With 100 million new visitors flooding the market every year, airlines must increase their staff to service the demand.
Asia has quickly become a global hot spot for travelers, welcoming 100 million new visitors every year. This steep increase has led the region to need another 226,000 pilots in the next two decades, according to Boeing, and to meet the need, airlines are focusing their attention on recruiting more women.
“There is such an enormous demand to meet the growth that the gender bias will have to be pushed aside,” Sherry Carbary, vice president of flight services for Boeing Co., told Bloomberg.
Currently, only about five percent of pilots globally are female, according to Liz Jennings Clark, chairwoman of the International Society of Women Airline Pilots, and even fewer are captains. This means airlines will have to expand their recruitment process and advertise to women, something not traditionally done. British Airways already has a photo of a female pilot on its hiring website, and EVA Air is recruiting from universities in Taiwan using ads that show their female pilots.
Vietnam Airlines Corp. is creating work schedules that take into account demands of family life. U.K.-based EasyJet Plc has set up a scholarship with the British Women Pilots Association to underwrite the costs of training women pilots. “Finding capable flight crews isn’t easy,” said Richard Yeh, who oversees pilot training at EVA Air, which says they’re trying to hire 100 pilots a year.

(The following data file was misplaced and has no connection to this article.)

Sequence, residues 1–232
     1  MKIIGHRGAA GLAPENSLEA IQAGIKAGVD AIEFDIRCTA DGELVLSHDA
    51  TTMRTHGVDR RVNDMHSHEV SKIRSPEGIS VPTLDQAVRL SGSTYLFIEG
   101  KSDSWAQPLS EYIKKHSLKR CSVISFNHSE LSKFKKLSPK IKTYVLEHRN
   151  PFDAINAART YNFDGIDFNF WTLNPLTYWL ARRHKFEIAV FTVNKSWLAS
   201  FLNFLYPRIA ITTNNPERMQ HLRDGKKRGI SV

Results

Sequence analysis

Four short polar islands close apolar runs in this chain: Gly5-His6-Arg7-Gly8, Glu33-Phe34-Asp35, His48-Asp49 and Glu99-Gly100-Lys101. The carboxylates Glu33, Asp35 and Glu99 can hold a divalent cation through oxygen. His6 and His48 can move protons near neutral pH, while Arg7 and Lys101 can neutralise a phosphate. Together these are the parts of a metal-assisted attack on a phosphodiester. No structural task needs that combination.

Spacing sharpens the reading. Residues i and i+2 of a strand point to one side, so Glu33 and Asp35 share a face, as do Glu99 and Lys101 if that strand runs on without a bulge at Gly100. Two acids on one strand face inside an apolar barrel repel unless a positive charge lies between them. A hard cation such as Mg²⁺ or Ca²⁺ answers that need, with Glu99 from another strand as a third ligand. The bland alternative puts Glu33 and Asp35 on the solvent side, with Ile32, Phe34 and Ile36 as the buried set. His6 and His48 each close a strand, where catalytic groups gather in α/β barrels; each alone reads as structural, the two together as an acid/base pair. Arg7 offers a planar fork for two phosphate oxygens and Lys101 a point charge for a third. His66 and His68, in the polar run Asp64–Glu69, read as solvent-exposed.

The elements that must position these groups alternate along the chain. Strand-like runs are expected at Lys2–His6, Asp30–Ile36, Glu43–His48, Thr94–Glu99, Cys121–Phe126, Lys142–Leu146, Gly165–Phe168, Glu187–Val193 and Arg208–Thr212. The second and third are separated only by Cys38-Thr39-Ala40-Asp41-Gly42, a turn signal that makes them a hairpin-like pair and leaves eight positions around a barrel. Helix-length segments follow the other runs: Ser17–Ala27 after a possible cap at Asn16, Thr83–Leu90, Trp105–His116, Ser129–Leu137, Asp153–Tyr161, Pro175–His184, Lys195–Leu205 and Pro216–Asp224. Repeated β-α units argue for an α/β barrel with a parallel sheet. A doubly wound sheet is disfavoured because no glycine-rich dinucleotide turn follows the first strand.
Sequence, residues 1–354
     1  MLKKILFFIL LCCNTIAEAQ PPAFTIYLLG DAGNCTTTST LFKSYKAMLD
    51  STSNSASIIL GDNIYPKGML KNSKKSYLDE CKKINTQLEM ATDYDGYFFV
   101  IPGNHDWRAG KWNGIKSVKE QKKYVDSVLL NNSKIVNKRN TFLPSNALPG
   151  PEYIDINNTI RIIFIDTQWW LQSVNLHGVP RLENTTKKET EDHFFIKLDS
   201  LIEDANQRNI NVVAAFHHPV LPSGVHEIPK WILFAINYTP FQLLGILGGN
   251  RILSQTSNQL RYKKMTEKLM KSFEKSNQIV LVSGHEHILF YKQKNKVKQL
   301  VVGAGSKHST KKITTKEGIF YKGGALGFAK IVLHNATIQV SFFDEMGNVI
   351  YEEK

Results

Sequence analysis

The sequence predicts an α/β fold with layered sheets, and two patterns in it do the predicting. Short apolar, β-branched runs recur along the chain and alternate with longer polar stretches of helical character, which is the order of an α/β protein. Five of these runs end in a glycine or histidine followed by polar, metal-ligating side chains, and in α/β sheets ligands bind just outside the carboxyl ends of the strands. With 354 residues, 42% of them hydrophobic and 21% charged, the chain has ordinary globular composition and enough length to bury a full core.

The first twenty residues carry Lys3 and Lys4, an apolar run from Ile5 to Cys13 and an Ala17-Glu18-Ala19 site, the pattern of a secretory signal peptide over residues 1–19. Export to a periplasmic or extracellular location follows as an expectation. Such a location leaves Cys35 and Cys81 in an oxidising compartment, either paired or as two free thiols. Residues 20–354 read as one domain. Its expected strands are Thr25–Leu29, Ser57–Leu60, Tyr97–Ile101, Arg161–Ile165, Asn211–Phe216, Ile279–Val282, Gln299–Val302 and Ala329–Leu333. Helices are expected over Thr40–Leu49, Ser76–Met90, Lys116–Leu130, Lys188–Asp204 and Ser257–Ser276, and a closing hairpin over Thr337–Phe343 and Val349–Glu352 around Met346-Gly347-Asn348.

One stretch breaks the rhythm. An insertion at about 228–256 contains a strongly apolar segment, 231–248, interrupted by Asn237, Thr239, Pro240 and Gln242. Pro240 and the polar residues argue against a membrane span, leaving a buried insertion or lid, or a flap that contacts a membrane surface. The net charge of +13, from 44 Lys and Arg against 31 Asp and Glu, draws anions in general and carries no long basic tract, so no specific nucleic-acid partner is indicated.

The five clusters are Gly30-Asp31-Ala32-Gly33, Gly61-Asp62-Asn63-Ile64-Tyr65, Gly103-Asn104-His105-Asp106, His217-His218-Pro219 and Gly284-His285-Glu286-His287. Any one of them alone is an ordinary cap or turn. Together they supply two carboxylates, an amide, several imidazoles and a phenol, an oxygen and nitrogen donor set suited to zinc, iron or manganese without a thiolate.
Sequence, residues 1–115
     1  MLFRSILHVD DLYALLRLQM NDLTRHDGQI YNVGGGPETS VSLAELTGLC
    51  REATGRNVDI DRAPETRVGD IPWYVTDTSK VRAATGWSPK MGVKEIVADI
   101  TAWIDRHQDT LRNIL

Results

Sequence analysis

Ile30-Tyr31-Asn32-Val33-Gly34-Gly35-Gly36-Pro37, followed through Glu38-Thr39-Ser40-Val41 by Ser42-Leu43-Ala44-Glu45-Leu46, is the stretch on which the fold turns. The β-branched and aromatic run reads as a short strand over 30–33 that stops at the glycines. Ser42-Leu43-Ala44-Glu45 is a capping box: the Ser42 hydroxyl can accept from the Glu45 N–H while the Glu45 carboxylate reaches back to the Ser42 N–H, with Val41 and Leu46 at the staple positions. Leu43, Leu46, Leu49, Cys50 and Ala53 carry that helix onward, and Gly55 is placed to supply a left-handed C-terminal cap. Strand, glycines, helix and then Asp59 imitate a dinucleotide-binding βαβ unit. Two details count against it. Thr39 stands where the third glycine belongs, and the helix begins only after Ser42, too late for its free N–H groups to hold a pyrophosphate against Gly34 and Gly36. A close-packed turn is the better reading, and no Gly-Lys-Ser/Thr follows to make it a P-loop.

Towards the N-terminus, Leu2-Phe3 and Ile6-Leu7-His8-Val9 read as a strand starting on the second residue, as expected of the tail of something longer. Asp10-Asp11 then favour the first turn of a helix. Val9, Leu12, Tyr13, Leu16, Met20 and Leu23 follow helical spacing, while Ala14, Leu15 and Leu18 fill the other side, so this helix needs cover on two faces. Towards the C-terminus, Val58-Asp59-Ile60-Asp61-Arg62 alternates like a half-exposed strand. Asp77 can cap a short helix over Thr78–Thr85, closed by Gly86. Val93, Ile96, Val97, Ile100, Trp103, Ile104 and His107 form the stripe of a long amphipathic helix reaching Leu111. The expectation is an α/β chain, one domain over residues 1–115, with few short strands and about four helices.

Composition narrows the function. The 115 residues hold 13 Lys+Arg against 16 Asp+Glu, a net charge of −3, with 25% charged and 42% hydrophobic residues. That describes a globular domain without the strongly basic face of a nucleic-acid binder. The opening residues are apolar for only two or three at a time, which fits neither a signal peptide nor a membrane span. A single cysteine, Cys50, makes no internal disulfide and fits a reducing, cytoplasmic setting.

Airlines are also taking into consideration adjusting their pilots’ schedules to accommodate working mothers. “Flying time for female pilots may be limited due to maternity leave or the fact they need time to take care of their kids,” Luu Hoang Minh, a Vietnam Airlines flight crew deputy director, said in an e-mail to the news outlet.
And it’s likely the Asian market isn’t the only one that will recruit more women. Africa is seeing a massive increase in visitors, and the number of air travelers worldwide is expected to double to seven billion by 2034, according to the International Air Transport Association.